Donald Trump, America’s New President

Shannon Harrar , Centurion Staff

Republican presidential candidate Donald J. Trump was elected the 45th president of the United States in the early morning of Nov. 9.
To the utter disbelief of millions of Americans, Trump made his victory speech in New York City around 2 am Wednesday morning, after his opponent Hillary Clinton made a phone call to him and conceded.
“I just received a call from Secretary Clinton…” he began, “she congratulated us, it’s about us, on our victory.”
He went on to congratulate the Clinton family for the tough challenge they posed during the campaign and commented on how much of a debt of gratitude America owes Clinton.
“I pledge that I will be president of all Americans,” he said at the start of his speech. “Working together, we will begin the urgent task of rebuilding our nation and renewing the American dream.”
“Every single American will have the opportunity to realize his or her fullest potential… We’re going to rebuild our infrastructure, which will become, by the way, second to none,” he said, in remarks reminiscent of Clinton’s pledges.
Earlier that night, Clinton’s campaign chairman John Podesta announced to Clinton’s waiting followers that she would not be making her concession speech the night of the election results.
Instead, she made her speech around 11 am Wednesday morning in New York.
“Last night I congratulated Donald Trump and offered to work with him on behalf of our country,” she told the crowd.
“I’m sorry that we did not win this election… but I feel pride and gratitude for this wonderful campaign that we built together.”
Throughout the short speech, Clinton expressed strong emotions about the surprising result of the election, but she maintained a cool and composed attitude.
“I know how disappointed you feel, because I feel it too…. But I want you to remember this; our campaign was never about one person or even one election. It was about the country we love and about building an America that’s hopeful, inclusive, and big-hearted.”
“Donald Trump is going to be our president. We owe him an open mind and the chance to lead.”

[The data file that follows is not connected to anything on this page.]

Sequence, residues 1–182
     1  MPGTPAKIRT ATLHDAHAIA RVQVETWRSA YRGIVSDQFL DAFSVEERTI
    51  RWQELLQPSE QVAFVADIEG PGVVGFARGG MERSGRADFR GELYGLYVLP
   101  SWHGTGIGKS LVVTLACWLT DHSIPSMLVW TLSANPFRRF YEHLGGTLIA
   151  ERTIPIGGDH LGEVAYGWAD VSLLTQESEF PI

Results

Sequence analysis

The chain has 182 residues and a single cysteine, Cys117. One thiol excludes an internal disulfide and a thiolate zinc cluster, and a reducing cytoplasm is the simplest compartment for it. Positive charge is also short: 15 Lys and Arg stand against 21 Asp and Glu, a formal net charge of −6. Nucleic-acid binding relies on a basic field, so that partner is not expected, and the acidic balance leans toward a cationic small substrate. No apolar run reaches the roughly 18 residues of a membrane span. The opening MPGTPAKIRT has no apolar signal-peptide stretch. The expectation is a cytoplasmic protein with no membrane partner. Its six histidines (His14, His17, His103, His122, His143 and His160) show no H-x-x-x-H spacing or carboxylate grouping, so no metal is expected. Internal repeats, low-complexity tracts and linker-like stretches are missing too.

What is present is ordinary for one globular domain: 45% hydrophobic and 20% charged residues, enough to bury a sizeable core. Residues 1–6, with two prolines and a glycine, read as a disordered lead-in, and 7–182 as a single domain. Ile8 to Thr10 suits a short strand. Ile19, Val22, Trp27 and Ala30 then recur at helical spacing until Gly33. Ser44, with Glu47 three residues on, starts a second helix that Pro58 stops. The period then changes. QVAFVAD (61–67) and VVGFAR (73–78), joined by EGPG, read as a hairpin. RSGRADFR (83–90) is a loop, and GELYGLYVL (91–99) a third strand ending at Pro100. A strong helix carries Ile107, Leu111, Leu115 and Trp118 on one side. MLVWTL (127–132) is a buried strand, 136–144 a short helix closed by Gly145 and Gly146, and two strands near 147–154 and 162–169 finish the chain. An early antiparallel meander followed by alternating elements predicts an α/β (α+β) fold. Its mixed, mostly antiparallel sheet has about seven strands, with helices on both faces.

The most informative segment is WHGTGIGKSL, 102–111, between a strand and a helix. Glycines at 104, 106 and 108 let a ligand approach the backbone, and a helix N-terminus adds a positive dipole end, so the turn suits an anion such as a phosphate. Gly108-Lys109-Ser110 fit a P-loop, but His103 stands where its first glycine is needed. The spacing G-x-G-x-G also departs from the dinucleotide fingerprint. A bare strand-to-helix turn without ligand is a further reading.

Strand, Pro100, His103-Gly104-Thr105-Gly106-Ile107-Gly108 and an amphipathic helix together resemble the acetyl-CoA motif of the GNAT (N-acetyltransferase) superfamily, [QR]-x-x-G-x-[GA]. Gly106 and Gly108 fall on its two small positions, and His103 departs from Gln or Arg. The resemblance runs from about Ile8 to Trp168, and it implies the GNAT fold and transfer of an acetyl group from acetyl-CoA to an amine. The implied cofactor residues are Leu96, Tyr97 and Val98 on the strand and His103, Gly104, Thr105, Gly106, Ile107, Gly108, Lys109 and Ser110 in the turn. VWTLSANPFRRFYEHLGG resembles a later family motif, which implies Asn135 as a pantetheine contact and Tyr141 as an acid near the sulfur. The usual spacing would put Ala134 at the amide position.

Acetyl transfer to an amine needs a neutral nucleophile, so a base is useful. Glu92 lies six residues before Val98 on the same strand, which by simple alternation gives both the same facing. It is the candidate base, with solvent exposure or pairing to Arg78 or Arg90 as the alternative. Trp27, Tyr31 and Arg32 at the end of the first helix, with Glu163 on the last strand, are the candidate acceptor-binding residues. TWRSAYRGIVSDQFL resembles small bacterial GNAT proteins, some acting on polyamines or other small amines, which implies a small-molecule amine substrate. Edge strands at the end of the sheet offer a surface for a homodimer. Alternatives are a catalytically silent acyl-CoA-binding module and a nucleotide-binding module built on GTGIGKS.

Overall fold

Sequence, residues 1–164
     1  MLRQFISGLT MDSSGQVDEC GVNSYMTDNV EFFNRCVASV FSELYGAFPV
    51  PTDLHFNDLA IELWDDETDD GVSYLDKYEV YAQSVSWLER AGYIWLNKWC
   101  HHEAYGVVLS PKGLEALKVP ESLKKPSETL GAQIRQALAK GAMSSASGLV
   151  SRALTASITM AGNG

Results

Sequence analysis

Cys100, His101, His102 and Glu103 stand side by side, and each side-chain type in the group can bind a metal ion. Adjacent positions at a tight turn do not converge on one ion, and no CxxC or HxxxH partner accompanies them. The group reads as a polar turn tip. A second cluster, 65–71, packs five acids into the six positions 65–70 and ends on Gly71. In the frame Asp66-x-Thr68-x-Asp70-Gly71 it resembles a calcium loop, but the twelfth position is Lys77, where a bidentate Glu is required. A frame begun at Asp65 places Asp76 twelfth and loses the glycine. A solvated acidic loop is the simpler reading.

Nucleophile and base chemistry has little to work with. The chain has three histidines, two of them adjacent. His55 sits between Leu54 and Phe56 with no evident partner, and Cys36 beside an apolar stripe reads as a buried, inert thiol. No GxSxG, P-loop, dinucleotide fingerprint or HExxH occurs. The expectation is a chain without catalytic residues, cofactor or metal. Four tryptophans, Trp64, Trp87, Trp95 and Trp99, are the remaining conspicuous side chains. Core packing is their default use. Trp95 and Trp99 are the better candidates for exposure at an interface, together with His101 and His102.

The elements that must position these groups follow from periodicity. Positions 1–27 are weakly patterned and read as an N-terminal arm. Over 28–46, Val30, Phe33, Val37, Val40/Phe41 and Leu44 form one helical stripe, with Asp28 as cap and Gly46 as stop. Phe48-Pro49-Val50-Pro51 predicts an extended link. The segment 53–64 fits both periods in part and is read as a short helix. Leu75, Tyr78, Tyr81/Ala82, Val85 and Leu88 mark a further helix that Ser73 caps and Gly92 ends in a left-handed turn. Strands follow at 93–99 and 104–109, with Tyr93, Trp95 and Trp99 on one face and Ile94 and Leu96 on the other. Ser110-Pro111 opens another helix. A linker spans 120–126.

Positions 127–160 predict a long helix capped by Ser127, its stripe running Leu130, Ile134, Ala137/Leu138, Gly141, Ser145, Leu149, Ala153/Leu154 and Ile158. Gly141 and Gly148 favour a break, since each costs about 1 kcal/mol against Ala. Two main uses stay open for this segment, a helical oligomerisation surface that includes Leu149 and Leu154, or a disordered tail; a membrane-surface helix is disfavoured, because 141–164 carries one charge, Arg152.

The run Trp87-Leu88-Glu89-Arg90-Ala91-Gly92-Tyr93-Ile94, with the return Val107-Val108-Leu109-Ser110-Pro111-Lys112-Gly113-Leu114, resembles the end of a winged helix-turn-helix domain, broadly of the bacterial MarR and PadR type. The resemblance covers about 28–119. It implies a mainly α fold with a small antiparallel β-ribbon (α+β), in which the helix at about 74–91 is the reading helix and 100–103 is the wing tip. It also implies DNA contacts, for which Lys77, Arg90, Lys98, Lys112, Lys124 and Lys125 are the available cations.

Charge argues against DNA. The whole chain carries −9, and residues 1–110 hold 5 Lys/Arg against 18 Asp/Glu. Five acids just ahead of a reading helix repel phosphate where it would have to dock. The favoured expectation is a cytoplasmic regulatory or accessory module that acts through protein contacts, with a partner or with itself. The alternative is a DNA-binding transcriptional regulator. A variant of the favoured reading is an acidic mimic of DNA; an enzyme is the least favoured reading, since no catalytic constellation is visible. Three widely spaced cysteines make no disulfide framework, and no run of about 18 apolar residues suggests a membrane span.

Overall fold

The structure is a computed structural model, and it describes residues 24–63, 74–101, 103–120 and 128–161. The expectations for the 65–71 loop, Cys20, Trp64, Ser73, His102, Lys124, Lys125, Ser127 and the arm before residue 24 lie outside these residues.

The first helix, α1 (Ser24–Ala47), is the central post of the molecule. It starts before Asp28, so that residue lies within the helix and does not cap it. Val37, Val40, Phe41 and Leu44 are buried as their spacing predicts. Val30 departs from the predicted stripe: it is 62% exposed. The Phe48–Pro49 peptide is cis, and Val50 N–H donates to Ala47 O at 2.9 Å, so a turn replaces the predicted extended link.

“Let us have faith in each other, let us not grow weary, and let us not lose heart,” she said to the crowd in summation.
In an electoral “trifecta,” as many news outlets are calling it, the GOP also won majorities in the Senate and the House of Representatives, giving the Republicans complete control of the Congress as well as the presidency for the first time since 1928.
Throughout the election night, many states were deemed “too close to call,” as votes were still being collected, and the race between the two major candidates appeared neck and neck.
However, the tight race came down to the decisions of several crucial battleground states, namely Florida, Michigan, Wisconsin, Minnesota, and Pennsylvania. The results of these states baffled citizens across the U.S.
Trump’s triumph in Pennsylvania was especially shocking, as the state hadn’t voted for a Republican presidential candidate since 1988.
The big take-away from the results in the battleground states was the contrast between densely populated Democratic strongholds and rural, Republican-leaning counties. In PA this was clearly evident, with Clinton winning major counties such as Bucks, Allegheny, Delaware, Montgomery, and Philadelphia. Despite Clinton’s victories in these important counties, she still lost Pennsylvania thanks to Trump’s victories in the center of the state.
The final count left Clinton with 228 electoral votes, and Trump with 279. However, Clinton did gain the popular vote, just as Barack Obama did in the past two elections.
A little closer to home, Pennsylvania saw some other major election results as well.
The hotly contested U.S. Senate race between Republican Pat Toomey and Democrat Katie McGinty led to a close Republican victory.
The 8th District race for the U.S. House of Representatives resulted in a win for Republican Brian Fitzpatrick over his Democratic opponent Steve Santarsiero.
The 31st district (the district BCCC falls into) race for state Senate was won by Republican Mike Regan by 36 percent over his Democratic opponent John Bosha, and independent Kenneth Gehosky.
The Pennsylvania 31st district race for the state’s House of Representatives was extremely close. Democratic candidate, Perry Warren, a Newtown councilman, was elected over Republican Ryan Gallagher by just 28 votes.
Democrat Josh Shapiro won the position of attorney, beating his opponent John Rafferty by a close 3 percent difference.
Eugene DePasquale was reelected in his position as auditor general against his Republican opponent John Brown, and the two third party candidates running, John Sweeney of the Green Party, and Libertarian Roy Minet.
In the race for Pennsylvania treasurer, Democrat Joseph Torsella won over Otto Voit, the Republican candidate, Green Party candidate Kristen Combs, and Libertarian candidate James Babb.